Gartner admits that AI is only a concise, catch-all term that denotes the shift from highly analog decision-making to automated, algorithm-based decision-making. This means that decisions that once may have been based solely on hard-won experience are grounded in data and analytics. In fact, salespeople can use engagement tools that target the best day and time to call someone in each industry. Before, that kind of intelligence might have been almost impossible to gather without weeks (or even years) of trial and error.
But for all the promise of these technologies, it still requires an investment of time and resources, along with a willingness for staff to build these digital skills. This isn’t simply about knowing a piece of software, but a fundamental shift in the approach; one that centers the process on the digital experience.
3. Reinvent Sales & Marketing
Marketing professionals have long understood that they need to be omnichannel, but now companies need an omnichannel salesforce as well. Sales and marketing need to work hand in hand, becoming a single discipline. Marketing is integral in helping the salespeople pick the right part of the pond to fish, the right bait, and even the right gadget to help track the fish one can’t see. Marketers have long understood the power of data and analytics and already revolutionized their discipline because of them. Now, salespeople have new tech to revolutionize their craft as well. This tech adds the same layer of rigor that’s been the standard for marketers for years, and it allows the entire marketing-to-sales process to be closely monitored and refined.
4. Develop a Strategy
That is not to say that these great new tools replace what marketers do. A company can have all this tech, but if the branding, messaging and positioning hasn’t been properly developed, all they do is get the company to that next “no” faster. Initially, businesses need to focus on branding, on the value proposition, on making sure that it’s all supported by robust market insight.
Let’s be honest, this is not an area in which the construction industry has always excelled. First up is knowing what the customer’s pain points are, and then communicating the value to the end user. Then it’s time to build a great website with a call to action and continue to build content out. Technology adds speed,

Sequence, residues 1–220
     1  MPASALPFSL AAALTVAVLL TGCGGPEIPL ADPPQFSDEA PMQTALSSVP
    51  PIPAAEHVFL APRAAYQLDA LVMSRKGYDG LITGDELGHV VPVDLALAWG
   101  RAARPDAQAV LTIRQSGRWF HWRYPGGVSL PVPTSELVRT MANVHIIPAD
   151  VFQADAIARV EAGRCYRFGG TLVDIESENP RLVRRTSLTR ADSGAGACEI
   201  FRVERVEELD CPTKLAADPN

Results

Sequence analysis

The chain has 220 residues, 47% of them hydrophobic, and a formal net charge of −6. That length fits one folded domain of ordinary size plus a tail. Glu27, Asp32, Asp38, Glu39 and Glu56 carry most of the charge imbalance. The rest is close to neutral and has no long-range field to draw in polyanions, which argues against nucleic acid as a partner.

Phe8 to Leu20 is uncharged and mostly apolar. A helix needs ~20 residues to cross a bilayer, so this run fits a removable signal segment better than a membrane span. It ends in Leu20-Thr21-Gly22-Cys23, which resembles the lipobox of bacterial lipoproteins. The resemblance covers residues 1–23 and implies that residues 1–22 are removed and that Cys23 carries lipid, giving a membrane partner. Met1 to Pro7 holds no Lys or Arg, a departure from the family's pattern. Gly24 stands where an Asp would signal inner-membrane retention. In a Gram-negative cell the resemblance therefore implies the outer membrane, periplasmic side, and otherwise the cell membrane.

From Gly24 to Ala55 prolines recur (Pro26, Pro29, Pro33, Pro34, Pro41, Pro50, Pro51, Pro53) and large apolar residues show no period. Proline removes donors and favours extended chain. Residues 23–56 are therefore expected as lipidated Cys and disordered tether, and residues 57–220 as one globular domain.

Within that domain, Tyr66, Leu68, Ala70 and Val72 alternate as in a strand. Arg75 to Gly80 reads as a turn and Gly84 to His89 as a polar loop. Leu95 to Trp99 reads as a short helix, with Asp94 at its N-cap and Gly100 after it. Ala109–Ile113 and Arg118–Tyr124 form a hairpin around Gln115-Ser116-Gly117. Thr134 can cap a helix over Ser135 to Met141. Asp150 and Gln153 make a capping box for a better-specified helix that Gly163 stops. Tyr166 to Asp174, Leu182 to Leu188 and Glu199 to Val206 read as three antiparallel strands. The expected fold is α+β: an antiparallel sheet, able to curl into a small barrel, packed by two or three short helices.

rigor and visibility to the process.
5. Stick to Your Principles
In some ways, this revolution is just a new way to do what salespeople have done since the first man convinced the guy in the cave next door that he could use a wheel too. Building trust, nurturing relationships, delivering value, communicating a value proposition that resonates, these are still happening with a chatbot, a Twitter feed, digital ads and emails. And as much as these tools speed up a process, that still means a salesperson needs to push that process along, day in and day out. The “hustle” has been transformed, not eradicated.
There are a lot of second- and third-generation companies that don’t appreciate what it takes to build the top of the funnel. There might be more smarts, or better technology, but there isn’t the same momentum that created the founder’s exponential growth. Here’s an example: One company was debating whether to invest $10,000 on an industry conference, and while some junior folks were planning several meetings to discuss the ROI, the 74-year-old founder decided to do it after a single afternoon’s consideration. They then they used all the data analytics available to make the most of that conference. That’s the best approach — to keep the old school values of decisiveness, ambition and a little intuition, and apply them with the most innovative technology available. Get that additional speed, rigor and visibility, without ever forgetting the goal is a business that performs so well that it’s still around for that next revolution.